The ‘add to cart’ method should assume that we are on the product page, and it should only perform the action of setting the desired quantity and saving πŸ’Ύ This would be its signature, taking only the quantity as an int parameter:

public void addProduct(int quantity)

Now if we look at the blocks again, we see that in some cases we are searching for a product and we are only adding a certain quantity at one time. But in other cases, we might add several quantities of the same product, without performing extra searches for the product (except for the initial one).

This means we could create a ‘search and add’ block/method. The parameters for this method would be, of course, the name of the product, but then the quantities. Since we don’t know exactly how many times we will add new quantities of this product, we should use varargs.

These are used to specify that you want one or more values passed to the method as parameters. The signature for the newly created method would look like this:

public void searchAndAddProduct(String productName, int... quantities)

Inside this method, we would call the ‘search’ method once, to help us navigate to the products’ page. Then, for each quantity specified, we will call the ‘add’ method.

Now going to the ‘delete’ method: here, let’s just delete the entire quantity of the product. This way, we only need one parameter for this method: a String representing the product name as below:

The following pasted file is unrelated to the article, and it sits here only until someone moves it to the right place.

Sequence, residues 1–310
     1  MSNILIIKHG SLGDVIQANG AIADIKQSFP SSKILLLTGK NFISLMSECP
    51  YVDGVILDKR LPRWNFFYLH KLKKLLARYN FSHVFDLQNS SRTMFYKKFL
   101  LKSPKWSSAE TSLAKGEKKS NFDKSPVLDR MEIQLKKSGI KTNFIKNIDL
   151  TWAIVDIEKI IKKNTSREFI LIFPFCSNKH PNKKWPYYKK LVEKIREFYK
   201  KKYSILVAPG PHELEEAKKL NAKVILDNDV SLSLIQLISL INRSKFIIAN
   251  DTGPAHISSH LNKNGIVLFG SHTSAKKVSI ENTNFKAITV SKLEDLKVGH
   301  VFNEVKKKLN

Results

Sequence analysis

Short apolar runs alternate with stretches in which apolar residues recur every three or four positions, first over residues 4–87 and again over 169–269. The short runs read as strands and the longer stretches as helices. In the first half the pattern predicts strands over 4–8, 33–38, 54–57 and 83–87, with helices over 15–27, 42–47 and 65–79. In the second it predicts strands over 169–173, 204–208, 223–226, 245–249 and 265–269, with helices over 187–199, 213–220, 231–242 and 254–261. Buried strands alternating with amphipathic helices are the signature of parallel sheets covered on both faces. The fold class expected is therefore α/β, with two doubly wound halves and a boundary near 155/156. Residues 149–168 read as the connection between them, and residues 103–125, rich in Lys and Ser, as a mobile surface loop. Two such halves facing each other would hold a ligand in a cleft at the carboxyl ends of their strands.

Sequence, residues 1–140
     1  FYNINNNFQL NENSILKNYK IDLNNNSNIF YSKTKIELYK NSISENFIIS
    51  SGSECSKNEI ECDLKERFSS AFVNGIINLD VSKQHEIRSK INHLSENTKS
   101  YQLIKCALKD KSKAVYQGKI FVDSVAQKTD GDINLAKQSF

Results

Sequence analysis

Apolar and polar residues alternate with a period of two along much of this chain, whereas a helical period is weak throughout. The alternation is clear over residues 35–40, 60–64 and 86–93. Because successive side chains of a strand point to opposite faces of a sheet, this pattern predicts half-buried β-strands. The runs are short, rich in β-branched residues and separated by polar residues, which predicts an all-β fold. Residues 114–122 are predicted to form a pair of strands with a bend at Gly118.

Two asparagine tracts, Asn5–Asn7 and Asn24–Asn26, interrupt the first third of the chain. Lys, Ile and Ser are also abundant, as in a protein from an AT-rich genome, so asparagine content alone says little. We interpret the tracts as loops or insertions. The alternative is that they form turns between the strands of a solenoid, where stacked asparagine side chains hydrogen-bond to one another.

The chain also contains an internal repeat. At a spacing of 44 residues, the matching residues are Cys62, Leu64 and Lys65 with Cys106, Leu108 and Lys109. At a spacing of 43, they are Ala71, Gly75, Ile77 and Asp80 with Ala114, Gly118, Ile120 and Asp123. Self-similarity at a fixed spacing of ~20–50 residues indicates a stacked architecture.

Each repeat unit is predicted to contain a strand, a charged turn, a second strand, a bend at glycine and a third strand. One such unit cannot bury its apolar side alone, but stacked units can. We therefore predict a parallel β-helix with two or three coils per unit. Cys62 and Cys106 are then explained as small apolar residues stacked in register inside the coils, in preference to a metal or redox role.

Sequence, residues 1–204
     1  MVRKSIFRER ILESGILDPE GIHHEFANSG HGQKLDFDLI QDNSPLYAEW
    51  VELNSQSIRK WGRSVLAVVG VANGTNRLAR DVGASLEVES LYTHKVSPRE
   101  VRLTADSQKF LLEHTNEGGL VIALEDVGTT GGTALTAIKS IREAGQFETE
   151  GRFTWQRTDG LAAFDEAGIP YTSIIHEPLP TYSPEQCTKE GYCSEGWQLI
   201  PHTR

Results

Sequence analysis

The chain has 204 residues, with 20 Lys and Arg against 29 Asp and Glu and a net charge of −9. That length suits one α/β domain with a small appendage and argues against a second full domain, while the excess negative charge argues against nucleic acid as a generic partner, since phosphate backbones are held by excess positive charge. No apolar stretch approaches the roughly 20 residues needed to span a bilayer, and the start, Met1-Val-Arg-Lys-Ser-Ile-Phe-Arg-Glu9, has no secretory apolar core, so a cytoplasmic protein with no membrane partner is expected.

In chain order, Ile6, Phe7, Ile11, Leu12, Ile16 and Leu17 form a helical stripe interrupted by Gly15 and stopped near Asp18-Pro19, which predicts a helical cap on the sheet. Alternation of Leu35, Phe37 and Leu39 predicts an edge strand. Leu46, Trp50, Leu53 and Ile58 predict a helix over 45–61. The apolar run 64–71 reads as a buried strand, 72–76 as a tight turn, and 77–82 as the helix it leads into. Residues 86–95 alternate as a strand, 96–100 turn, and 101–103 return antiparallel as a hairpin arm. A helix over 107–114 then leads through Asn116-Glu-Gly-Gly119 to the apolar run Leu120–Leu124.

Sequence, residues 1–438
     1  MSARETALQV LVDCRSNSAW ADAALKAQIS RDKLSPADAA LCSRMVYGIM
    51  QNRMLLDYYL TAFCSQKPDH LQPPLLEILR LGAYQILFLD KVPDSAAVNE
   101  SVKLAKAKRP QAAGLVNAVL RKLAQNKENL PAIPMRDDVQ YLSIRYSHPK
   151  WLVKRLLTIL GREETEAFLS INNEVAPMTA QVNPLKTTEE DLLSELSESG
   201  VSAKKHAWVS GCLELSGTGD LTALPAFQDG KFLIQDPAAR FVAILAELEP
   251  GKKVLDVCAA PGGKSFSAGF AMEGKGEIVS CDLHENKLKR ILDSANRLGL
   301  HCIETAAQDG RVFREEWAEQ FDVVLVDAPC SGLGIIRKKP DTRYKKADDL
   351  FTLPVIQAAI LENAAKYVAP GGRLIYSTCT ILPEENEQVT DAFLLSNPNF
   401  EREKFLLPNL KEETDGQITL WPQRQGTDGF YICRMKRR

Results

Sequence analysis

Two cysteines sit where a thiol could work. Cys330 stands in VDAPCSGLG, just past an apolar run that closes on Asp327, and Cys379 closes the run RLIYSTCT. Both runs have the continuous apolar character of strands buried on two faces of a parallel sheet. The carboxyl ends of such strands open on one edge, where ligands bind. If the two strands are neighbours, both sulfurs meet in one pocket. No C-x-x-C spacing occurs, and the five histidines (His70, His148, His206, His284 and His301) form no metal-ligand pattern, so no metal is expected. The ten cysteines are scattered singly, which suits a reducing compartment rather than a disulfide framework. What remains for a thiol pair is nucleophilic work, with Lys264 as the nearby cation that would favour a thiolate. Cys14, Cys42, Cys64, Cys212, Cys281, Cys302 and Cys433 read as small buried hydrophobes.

public void deleteProduct(String productName)

For the ‘openHomePage’ method, it is very simple. No parameter is needed since the details of the homepage will be processed directly inside the method.

And now, possibly the most important method. the one for checking the quantity in the cart. Because we are able to add several quantities of the same product, but also several distinct products, it would be best if we had a single method that checks the contents of the entire cart.

This method would take as a parameter a Map with a key String and an Integer value. The key corresponds to the product name. The value corresponds to the total quantity we expect to have in the cart, for the given product having the name identical to the key. This method signature would look like this:

public void checkProductIsInCart(Map<String, Integer> productAndQuantity)

The tests